In use, lower portion 14 is positioned so that projection 18 fits in the horse “throat latch” generally defined as the area between the neck and head/lower jaw bones and generally within the depression between the two lower jaw bones of the horse. Upper strap 12 wraps around the top of the neck and/or on top of the head of the horse to secure lower portion 14 in place. When collar 10 is mounted on the horse, it forms a loop through which tensile forces can be transmitted. Dashed lines 28 schematically depict this tensile loop with projection 18 being disposed within the interior of loop 28. As shown in FIG. 3, the dashed lines depicting the tensile loop extend through the upper strap 12, buckles 16 and lower straps 26. When a horse wearing anti-cribbing collar 10 attempts to crib or ingest air, projection 18 interferes with the full opening of the air passage of the horse to thereby discourage such behavior.

While collar 10 and other known devices which are intended to discourage cribbing have been successful with some horses in deterring such behavior, such known devices do not work with all horses and the prevention of cribbing in horses remains a significant problem. Accordingly, there remains a need for a device that can discourage cribbing behavior in horses without harming the animal.

SUMMARY OF THE INVENTION

The present invention provides an anti-cribbing horse collar that provides an effective deterrent to cribbing behavior and which is less likely to cause discomfort to the horse when the horse is not engaging in cribbing behavior.

The invention comprises, in one form thereof, an anti-cribbing collar mountable on a horse wherein the collar includes an elongate rigid member supported on the collar and having first and second opposed ends and defining a longitudinal axis. The collar has a circumferential length and is adapted to encircle a portion of the horse. The collar includes at least one elongate flexible support member having a front edge and a rear edge and which defines a majority of the circumferential length. The rigid member is positionable proximate a lower jaw depression and throat of the horse with the longitudinal axis extending in a generally front-to-back direction with respect to the horse when the collar is mounted on the horse. The at least one flexible support member extends laterally outwardly with respect to the longitudinal axis proximate an intermediate longitudinal location on the rigid member and the first end of the rigid member projects forwardly of the front edge of the at least one flexible support member proximate the rigid member and the second end of the rigid member projects rearwardly of the rear edge of the at least one flexible support member proximate the rigid member.

The invention comprises, in another form thereof, an anti-cribbing collar mountable on a horse wherein the collar includes an elongate rigid member supported on the collar. The rigid member has first and second opposed ends and defines a longitudinal axis. The collar is adapted to encircle a portion of the horse and has a circumferential length and defines a tensile loop. The collar also includes at least one elongate flexible support member wherein the at least one flexible support member defines a majority of the circumferential length. The rigid member is positionable proximate a lower jaw depression and throat of the horse with the longitudinal axis extending in a generally front-to-back direction with respect to the horse when the collar is mounted on the horse. The longitudinal axis of the rigid member is positioned generally transverse to a plane defined by the tensile loop and a longitudinal segment of the rigid member nearest the tensile loop is disposed at least partially exterior of the tensile loop whereby the longitudinal segment of the rigid member is positioned at least partially below the tensile loop when the collar is mounted on the horse.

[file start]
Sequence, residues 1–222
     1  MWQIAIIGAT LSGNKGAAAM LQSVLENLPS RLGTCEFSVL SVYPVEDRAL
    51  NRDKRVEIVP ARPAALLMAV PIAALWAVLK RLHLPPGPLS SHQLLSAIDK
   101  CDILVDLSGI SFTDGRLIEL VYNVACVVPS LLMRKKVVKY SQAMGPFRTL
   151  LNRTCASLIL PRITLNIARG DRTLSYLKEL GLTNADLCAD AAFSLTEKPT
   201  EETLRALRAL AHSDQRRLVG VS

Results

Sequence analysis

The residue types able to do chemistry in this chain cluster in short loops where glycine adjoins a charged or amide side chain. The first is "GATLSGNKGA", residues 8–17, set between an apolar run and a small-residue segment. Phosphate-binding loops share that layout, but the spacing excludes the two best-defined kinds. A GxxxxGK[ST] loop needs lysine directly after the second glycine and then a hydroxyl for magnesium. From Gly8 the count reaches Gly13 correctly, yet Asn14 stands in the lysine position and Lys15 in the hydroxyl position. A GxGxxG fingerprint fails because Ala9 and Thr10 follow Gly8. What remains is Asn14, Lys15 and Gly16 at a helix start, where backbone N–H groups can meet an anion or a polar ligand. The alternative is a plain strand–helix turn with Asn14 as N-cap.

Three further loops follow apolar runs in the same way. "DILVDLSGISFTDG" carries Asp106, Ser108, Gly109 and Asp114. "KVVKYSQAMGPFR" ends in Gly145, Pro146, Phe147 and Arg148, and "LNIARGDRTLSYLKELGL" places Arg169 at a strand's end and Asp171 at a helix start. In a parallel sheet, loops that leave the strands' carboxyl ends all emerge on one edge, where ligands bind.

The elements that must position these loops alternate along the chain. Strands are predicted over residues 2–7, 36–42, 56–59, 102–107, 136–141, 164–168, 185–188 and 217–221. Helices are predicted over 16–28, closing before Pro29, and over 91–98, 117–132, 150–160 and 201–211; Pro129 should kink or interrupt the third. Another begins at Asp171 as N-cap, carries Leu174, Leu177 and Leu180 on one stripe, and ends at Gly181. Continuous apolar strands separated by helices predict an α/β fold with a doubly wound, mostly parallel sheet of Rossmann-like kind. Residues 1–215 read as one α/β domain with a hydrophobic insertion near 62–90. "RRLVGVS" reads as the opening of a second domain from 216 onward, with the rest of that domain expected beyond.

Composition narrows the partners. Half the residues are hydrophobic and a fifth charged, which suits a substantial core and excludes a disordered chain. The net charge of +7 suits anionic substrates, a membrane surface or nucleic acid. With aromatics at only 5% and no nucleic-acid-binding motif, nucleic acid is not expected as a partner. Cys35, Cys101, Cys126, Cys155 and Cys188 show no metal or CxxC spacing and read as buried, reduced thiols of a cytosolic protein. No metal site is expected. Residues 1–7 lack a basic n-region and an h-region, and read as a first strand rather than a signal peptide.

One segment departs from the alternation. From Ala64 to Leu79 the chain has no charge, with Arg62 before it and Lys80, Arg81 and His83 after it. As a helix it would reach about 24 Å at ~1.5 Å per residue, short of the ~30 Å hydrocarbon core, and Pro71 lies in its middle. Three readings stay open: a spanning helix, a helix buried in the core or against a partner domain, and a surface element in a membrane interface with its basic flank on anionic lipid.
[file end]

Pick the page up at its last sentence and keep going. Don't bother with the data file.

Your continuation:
The invention comprises, in yet another form thereof, an anti-cribbing collar mountable on a horse wherein the collar includes an elongate rigid member having first and second opposed ends and defining a longitudinal axis therebetween. The rigid member also defines longitudinally extending uppermost and lowermost boundaries. The collar has a circumferential length and is adapted to encircle a portion of the horse and has at least one elongate flexible support member which defines a majority of the circumferential length. The flexible support member has first and second opposite ends securely fixed relative to the rigid member on opposing lateral sides of the rigid member. Each of the first and second opposite ends of the flexible support member is fixed at a longitudinal position spaced from and intermediate the first and second ends of the rigid member and at a height spaced from and intermediate the longitudinally extending uppermost and lowermost boundaries.

BRIEF DESCRIPTION OF THE DRAWINGS

The above mentioned and other features of this invention, and the manner of attaining them, will become more apparent and the invention itself will be better understood by reference to the following description of an embodiment of the invention taken in conjunction with the accompanying drawings, wherein:

FIG. 1 is a perspective view of a prior art anti-cribbing collar.

FIG. 2 is a cutaway top view of the lower portion of the prior art anti-cribbing collar.

FIG. 3 is a front view of the prior art anti-cribbing collar.

FIG. 4 is a perspective view of a part of the prior art anti-cribbing collar.

FIG. 5 is a cross sectional view of the prior art anti-cribbing collar taken along line 5-5 of FIG. 2.

FIG. 6 is a perspective view of an anti-cribbing collar in accordance with the present invention.

FIG. 7 is a front view of the anti-cribbing collar shown in FIG. 6.

FIG. 8 is a top view of the upper strap of the anti-cribbing collar shown in FIG. 6.

FIG. 9 is a top view of a partially assembled lower collar of the anti-cribbing collar shown in FIG. 6.

FIG. 10 is an exploded view of the lower collar component parts.

FIG. 11 is a side view of the rigid member of the lower collar.

FIG. 12 is a schematic partial cross sectional view through the lower collar taken along plane 73 of FIG. 13.

FIG. 13 is a side view of the collar shown in FIG. 6 mounted on a horse.